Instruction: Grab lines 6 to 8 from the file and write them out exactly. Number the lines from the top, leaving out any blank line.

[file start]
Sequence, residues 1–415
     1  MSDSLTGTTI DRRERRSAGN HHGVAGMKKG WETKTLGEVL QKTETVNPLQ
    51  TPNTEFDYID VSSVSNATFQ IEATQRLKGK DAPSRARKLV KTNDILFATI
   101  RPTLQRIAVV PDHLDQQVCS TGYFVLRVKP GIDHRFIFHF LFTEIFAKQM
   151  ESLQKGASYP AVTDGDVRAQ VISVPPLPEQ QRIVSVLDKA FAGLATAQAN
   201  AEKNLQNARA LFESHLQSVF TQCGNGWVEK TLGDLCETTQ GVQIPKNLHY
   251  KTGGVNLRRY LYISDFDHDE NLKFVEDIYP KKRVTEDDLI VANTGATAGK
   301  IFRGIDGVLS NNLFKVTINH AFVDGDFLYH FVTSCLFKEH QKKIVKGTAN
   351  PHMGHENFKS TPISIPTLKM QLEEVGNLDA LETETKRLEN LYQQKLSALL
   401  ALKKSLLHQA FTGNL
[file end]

   201  AEKNLQNARA LFESHLQSVF TQCGNGWVEK TLGDLCETTQ GVQIPKNLHY
   251  KTGGVNLRRY LYISDFDHDE NLKFVEDIYP KKRVTEDDLI VANTGATAGK
   301  IFRGIDGVLS NNLFKVTINH AFVDGDFLYH FVTSCLFKEH QKKIVKGTAN